• The Cathedral Group from the Teton Park Road

    Grand Teton

    National Park Wyoming

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  • Bears are active in Grand Teton

    Black and grizzly bears are roaming throughout the park--near roads, trails and in backcountry areas. Hikers and backcountry users are advised to travel in groups of three or more, make noise and carry bear spray. Visitors must stay 100 yards from bears. More »

  • Area closure in effect for trails in the Jenny Lake Area

    A temporary area closure will be in effect for several trails in the Jenny Lake area due to construction activities involving helicopter-assisted transport of heavy material. The closure will last from October 27 through October 30, and possibly longer. More »

  • Multi-use Pathway Closures

    Intermittent closures of the park Multi-use Pathway System will occur through mid-October during asphalt sealing and safety improvement work. Pathway sections will reopen as work is completed. Follow the link for a map and more information. More »

  • Moose-Wilson Road Status

    The Moose-Wilson Road between the Death Canyon Road and the Murie Center Road is currently open to all traffic. The road may re-close at any time due to wildlife activity. For current road conditions call 307-739-3682. More »

J. P. Cunningham Cabin

Cunningham Cabin

Cunningham Cabin

In 1973, the Cunningham Cabin area was added to the National Register of Historic Places.

From Ranching to Recreation

The Cunningham Cabin stands as one of the valley’s few remaining structures from the homesteading era when settlers filed nearly 400 claims in Jackson Hole. In the 1880s, John and Margaret Cunningham staked a claim for the Bar Flying U Ranch. Cunningham built his cabin in 1888 in the Appalachian style, commonly called “double-pen” or “dog-trot.” John lived in the cabin until 1895 when he finished his main residence, and it later became a smithy and barn.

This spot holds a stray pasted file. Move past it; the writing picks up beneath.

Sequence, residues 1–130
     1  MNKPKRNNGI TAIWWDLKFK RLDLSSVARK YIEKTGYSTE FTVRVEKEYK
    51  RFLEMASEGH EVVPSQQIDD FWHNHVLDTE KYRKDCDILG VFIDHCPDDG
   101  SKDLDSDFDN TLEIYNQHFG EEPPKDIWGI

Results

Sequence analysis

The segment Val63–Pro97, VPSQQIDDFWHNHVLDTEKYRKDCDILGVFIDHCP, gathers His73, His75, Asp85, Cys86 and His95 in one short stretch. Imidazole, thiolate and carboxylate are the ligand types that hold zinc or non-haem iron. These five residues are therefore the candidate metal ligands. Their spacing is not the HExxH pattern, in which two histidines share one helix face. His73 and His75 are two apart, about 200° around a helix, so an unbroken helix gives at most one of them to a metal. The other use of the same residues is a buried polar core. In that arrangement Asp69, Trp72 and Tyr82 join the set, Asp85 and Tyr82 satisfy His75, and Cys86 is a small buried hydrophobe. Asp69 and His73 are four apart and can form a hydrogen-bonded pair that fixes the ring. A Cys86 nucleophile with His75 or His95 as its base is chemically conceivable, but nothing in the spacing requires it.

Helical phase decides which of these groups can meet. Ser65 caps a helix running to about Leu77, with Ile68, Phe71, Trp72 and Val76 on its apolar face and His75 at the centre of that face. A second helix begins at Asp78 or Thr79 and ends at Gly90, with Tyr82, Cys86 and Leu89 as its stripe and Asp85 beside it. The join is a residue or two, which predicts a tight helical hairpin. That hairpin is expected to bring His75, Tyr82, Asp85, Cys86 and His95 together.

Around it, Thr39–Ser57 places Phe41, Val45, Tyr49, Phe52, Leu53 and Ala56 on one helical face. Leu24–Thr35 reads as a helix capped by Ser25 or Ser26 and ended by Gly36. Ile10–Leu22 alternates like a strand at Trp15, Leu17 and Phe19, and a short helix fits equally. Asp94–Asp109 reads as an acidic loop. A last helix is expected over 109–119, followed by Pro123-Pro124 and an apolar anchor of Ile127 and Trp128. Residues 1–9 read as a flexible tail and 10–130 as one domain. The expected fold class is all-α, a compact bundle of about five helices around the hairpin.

Cunningham ran a profitable ranch until drought ruined his crops and cattle prices fell at the end of World War I. As an agricultural depression persisted through the 1920s, Cunningham and other ranchers recognized the valley’s potential as a “playground.” Cunningham teamed up with neighbor Josiah David “Si” Ferrin to write a petition signed by 97 valley ranchers. The petition proposed a buyout of ranches to create a national recreation area for public enjoyment. In 1928, Cunningham sold to the Snake River Land Company who later donated 35,000 acres for park expansion.

Gunfight at the Bar Flying U RanchTwo Montana wranglers approached Cunningham in the fall of 1892 to purchase hay. Cunningham allowed the strangers to winter on his ranch. Rumors spread that the men were horse thieves. Next spring, a man claiming to be a U.S. Marshal, with three deputies, rode into Jackson from Idaho. Joined by Jackson recruits, the marshal’s men surrounded the ranch at night. In the morning, the posse gunned down the alleged thieves. The men’s guilt, the allegations and the marshal’s identity were never confirmed.

How to get there: The Cunningham Cabin is located north on highway 191 near the eastern boundary of the park. Park in the large parking area near the highway or if room, use the smaller lot close to the site. An interpretive wayside and trail guide can be found here. Panoramic Teton Range views can be seen from this site. Please watch out for bison, they can be very dangerous. Do not approach any wild animal; stay 300 feet from large mammals.

Did You Know?

Aspen tree bark close-up

Did you know that the bark on Aspen trees looks green because it contains chlorophyll? Aspen bark is photosynthetic, a process that allows a plant to make energy from the sun, and helps the tree flourish during the short growing season.